Jeffrey Alexander had a simple strategy when he appeared on the TV game show "The Price is Right" this week: bid a dollar. And that's it.
"I just kept saying, $1, over and over," Alexander said. "And everyone else over bid."
His simple approach paid off. Alexander, 59, who works in Laurel's Department of Parks and Recreation, appeared on the game show Monday, April 15, after taping his episode in February in Los Angeles. Alexander walked away with nearly $10,000 in prizes, including four camcorders, a computer with built-in printer, a steam shower with a hands-free telephone, a folding bicycle and $1,700 worth of Coach handbags.
"My wife was happy about that," said Alexander, of Hyattsville.
Alexander and his wife, Sharon, were planning on traveling to Los Angeles for their ninth anniversary, and she asked him if he wanted to be on a game show. Sure, he responded, and Sharon Alexander went online and printed tickets for "The Price is Right." The couple got a guarantee that they would be in the audience, but that was it.
"They interview everyone, to see who they want to get on stage," Jeffrey Alexander said. "The first question they asked me was 'How're you doing?' So I broke into the Ray Lewis dance, and they seemed to like it."
When Alexander's name was called to "come on down," he did former Baltimore Ravens linebacker Ray Lewis' dance all the way down the aisle.
Once he was out of the audience and behind the podium to compete to get on stage, Alexander did exactly what he planned: he kept on bidding a dollar. On the show, the person closest to the actual price of an object gets to go on stage to compete to appear in the final showcase.
"I told Drew (Carey, the show's host) I'd been practicing all week to say '$1,' " Alexander said.
It was a plan that resonated with the audience; while waiting in line to get into the studio, Alexander kept calling out his "$1" mantra over and over, and his fellow audience members loved it.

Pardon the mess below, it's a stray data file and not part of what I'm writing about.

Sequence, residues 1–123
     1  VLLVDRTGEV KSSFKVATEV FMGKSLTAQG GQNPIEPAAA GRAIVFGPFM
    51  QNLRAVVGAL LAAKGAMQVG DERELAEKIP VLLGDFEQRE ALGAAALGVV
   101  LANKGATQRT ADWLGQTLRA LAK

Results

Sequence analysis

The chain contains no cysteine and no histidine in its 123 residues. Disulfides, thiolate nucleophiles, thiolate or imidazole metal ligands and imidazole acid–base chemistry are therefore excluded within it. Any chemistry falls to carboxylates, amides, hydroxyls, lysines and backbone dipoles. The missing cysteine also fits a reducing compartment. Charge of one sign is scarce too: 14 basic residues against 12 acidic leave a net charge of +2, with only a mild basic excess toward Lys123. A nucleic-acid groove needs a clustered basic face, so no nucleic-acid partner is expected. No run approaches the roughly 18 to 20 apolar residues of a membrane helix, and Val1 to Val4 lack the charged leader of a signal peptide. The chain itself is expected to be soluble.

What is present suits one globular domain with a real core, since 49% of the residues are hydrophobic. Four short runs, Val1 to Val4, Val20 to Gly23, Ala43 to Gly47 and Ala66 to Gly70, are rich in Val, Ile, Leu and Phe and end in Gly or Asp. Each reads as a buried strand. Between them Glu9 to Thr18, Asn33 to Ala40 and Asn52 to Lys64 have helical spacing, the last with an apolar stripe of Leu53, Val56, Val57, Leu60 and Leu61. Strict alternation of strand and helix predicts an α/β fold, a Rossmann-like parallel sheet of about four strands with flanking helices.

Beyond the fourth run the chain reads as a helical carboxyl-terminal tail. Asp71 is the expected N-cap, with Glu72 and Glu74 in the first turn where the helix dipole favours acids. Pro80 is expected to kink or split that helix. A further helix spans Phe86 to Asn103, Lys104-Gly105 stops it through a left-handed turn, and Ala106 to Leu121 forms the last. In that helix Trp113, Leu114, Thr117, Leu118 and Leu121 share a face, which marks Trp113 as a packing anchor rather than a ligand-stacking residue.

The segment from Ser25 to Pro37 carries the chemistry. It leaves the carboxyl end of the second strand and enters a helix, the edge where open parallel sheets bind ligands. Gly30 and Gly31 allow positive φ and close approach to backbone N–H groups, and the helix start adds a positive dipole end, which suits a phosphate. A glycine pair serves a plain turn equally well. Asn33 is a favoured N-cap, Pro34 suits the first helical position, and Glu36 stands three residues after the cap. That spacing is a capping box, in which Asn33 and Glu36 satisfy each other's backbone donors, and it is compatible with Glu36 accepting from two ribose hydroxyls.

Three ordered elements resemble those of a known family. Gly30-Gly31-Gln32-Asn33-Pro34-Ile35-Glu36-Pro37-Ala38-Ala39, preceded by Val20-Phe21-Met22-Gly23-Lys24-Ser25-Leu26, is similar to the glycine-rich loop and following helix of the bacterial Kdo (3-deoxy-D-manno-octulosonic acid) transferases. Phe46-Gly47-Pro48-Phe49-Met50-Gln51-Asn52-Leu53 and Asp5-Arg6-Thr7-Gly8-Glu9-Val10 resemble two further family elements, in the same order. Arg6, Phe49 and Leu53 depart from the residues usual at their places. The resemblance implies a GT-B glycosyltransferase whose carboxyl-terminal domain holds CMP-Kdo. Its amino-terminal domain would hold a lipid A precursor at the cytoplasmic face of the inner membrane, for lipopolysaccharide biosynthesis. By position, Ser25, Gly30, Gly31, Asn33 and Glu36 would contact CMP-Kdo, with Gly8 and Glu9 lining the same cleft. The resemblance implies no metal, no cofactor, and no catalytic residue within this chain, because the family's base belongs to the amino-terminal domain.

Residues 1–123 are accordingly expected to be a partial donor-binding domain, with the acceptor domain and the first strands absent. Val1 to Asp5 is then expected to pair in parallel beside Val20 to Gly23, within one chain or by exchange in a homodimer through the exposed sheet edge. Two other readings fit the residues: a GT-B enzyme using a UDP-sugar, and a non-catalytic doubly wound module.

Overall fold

"They were so much in favor of me winning," he said. "Everybody out there knew me from hollering in line, and they all thought it was hilarious I won on just $1."
Alexander got onto the stage after having the closest bid on a set of camcorders, and then had to match a set of prices to a set of products. When he mastered that, he moved on to spin the wheel, but fell short in his shot at entering the final showcase — he had 75 cents after his spin of the wheel, and another contestant beat him with 85 cents.
Alexander said he didn't do any preparation for the show, but was "only focused on trying to win."
"I didn't get nervous," he said. "Getting nervous wasn't going to help me. I was just excited."
Alexander said he grew up loving the show during the days of former host Bob Barker.
"I always wanted to be on it," he said. "I always wanted to be able to stand up and give a shout out to my city."
He did just that on the show, when he acknowledged Laurel, and the Parks and Recreation Department.
"In a way, I felt like a celebrity," he said. "People were watching the show and congratulating me on a fine job representing myself, and the city of Laurel. I'm very proud to represent the city. This place means a lot to me."
Alexander is the second person with local ties to appear on a game show in less than a week. Thursday, April 11, Laurel resident Diane Mezzanotte appeared on "Jeopardy," taking home the second-place prize of $2,000.